California - New York U.S. District Court Judge Denise Cote recently ruled in Apple's favor in a lawsuit initiated by a New York publishing company which alleged that Apple's use of the "iBooks" trademark was an infringement.
J.T. Colby & Co. Inc. filed the complaint in 2011 alleging prior use of the "ibooks" trademark, false designation of origin, wrongful misappropriation, unjust enrichment and conversion. J.T. Colby & Co. sought a permanent injunction barring Apple's use of iBooks.
In December, Apple filed a Motion for Summary Judgment to have the case thrown out. Judge Cote granted Apple's motion stating that J.T. Colby had no evidence to support either that its use of IBOOKS was entitled to trademark protection or that consumers were likely to be confused between Apple's use and J.T. Colby's use. The judge held that J.T. Colby's use of "ibooks" was merely descriptive and rejected the assertion that anyone would somehow confuse Apple's iBooks with J.T. Colby's ibooks.
J.T. Colby began using ibooks and ipicturebooks as a result of its 2007 acquisition of assets from Byron Preiss, another New York publishing company. J.T. Colby claimed in the complaint that Byron Preiss had originally been using ibooks since as early as 1999 in the publishing of thousands of books made available on the Internet.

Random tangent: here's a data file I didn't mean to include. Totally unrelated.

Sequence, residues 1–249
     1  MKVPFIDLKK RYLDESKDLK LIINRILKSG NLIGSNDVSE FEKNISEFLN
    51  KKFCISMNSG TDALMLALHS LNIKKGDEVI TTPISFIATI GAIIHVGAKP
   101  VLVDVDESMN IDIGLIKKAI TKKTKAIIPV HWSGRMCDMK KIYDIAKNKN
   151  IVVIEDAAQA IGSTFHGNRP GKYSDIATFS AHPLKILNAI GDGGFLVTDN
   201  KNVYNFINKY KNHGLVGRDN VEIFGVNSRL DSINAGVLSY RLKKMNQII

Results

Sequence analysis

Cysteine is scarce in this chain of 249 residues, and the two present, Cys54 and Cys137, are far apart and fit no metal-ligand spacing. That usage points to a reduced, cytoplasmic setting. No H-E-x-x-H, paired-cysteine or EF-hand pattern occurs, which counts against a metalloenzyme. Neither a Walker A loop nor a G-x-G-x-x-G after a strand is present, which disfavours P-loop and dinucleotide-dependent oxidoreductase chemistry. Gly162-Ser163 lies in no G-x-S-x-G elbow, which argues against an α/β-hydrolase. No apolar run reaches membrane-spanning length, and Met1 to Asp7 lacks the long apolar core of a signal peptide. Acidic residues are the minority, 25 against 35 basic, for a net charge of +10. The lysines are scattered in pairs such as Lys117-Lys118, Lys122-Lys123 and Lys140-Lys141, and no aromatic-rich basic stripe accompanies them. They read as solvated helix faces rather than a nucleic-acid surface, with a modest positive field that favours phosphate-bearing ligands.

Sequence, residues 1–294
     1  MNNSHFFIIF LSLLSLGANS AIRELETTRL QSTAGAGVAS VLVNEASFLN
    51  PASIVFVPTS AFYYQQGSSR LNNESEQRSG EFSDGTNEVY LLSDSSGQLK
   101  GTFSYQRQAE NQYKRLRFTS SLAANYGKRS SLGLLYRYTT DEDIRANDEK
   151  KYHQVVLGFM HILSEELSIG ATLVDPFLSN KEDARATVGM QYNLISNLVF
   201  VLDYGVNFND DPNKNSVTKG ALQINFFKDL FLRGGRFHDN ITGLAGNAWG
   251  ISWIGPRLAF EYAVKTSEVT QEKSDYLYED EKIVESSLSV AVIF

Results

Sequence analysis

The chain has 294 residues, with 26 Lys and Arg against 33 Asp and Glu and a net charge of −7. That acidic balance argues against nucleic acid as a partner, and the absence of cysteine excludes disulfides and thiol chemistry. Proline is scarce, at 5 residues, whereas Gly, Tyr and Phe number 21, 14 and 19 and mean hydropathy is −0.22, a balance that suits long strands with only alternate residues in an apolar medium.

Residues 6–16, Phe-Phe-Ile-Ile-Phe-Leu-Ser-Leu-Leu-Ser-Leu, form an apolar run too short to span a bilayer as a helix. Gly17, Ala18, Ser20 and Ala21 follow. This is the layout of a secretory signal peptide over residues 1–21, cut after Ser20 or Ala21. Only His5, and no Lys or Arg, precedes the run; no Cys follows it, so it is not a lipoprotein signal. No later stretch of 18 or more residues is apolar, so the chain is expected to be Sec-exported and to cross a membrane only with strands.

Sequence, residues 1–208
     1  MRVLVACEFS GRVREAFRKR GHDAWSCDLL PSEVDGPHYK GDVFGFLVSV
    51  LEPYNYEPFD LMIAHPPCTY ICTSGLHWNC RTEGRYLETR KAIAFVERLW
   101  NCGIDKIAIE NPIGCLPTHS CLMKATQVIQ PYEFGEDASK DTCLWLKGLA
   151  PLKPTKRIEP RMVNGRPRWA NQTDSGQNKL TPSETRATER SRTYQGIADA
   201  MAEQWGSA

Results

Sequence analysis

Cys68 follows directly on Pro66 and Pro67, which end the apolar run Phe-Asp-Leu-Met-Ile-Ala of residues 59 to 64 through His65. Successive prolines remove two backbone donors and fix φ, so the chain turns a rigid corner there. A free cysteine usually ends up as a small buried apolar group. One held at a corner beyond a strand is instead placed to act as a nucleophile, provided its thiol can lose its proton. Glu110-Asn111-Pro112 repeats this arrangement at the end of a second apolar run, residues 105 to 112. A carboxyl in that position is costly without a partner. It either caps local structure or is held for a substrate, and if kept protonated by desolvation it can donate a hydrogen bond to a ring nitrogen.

In 2010, Apple became interested in the iBooks name for its new downloadable software program which allows the purchase, storage and reading of books on iPhones, iPods and iPads. At the time Family Systems Ltd. owned the IBOOK trademark, Reg. No. 2,446,634 for "computer software used to support and create interactive, user-modifiable electronic books." Apple then cut a deal with Family Systems, who ultimately assigned the trademark to Apple in February of 2010.
Apple did not comment on the recent decision handed down by Judge Cote.